Advertisers said they want the Federal Trade Commission to back federal privacy legislation that mirrors the proposals of the Privacy for America coalition, which include creating a new Data Protection Bureau within the agency, ensuring responsible advertising practices; requiring strong data security protections; and authorizing strict penalties for violations.
The Association of National Advertisers (ANA) was making that pitch in final comments to the agency on its series of hearings, Competition and Consumer Protection in the 21st Century.
ANA said it backs giving the agency stronger enforcement authority and preventing the use of some specific data for advertising, or to use it to discriminate in things like housing and employment. But it also wants that legislation to preempt state privacy efforts and take a hard look at one of those efforts--a tough new California privacy law--as well as the European Union's General Data Protection Regulation, both efforts it calls "minimally tested."
“ANA believes a national privacy law should...enhance the development of a competitive level playing field for marketers and other businesses, and assure consumers that their data will be used by business only for approved non-discriminatory purposes," said Sam Jaffe, ANA Group EVP.
And while ANA said the FTC should learn from GDPR, it suggests that should be a critical and thorough assessment. “ANA encourages the FTC to critically evaluate the effects of the GDPR and CCPA through a research study carried out by its Bureaus of Economics and Competition and provide a public report of its findings," said Jaffe. "This report should include addressing the impacts of the regulations on small businesses, consolidation in the market, and the availability of free and varied content online, among other benefits and costs to consumers.”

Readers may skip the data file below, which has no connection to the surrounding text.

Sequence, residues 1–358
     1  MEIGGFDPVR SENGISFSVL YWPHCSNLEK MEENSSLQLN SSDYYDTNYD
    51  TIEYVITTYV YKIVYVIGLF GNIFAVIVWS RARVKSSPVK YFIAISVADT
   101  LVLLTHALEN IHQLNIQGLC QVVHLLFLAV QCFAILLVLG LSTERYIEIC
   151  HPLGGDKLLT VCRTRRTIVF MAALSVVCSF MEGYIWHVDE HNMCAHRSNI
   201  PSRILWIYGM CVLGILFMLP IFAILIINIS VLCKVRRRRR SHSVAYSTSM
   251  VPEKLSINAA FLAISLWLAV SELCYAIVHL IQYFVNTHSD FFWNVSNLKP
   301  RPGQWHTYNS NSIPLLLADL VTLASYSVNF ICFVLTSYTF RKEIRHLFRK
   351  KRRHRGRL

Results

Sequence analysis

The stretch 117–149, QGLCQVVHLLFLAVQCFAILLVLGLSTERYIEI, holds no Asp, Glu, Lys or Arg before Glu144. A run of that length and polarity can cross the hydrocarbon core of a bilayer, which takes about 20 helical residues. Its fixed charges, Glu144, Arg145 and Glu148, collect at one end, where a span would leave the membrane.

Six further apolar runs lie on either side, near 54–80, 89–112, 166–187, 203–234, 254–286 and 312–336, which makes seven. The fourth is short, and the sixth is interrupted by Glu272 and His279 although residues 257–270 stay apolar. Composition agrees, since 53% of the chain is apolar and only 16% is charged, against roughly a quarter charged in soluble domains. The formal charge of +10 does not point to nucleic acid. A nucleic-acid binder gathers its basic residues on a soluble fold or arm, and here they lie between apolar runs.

The Privacy for America coalition includes most of the major ad agency associations, including the American Association of Advertising Agencies and the Interactive Advertising Bureau.
The chairman of the FTC has already given Congress a wish list of privacy enforcement asks. Those include more enforcement authority, but targeted authority to implement federal privacy legislation currently being considered by Congress rather than broad rulemaking authority. In testimony before Congress, FTC chair Joe Simons also said the FTC needs civil penalty authority—currently it can only try and make consumers whole for losses, not penalize the conduct responsible; and jurisdiction over nonprofits and common carriers, which it currently lacks.
Simons said what he wanted was for Congress to come up with bipartisan privacy legislation, define it "fairly well"--perhaps looking at the Children's Online Privacy Protection Act as a model, and "give us targeted rulemaking authority so we can keep it up to date and make technical changes for developments in technology or in business methods."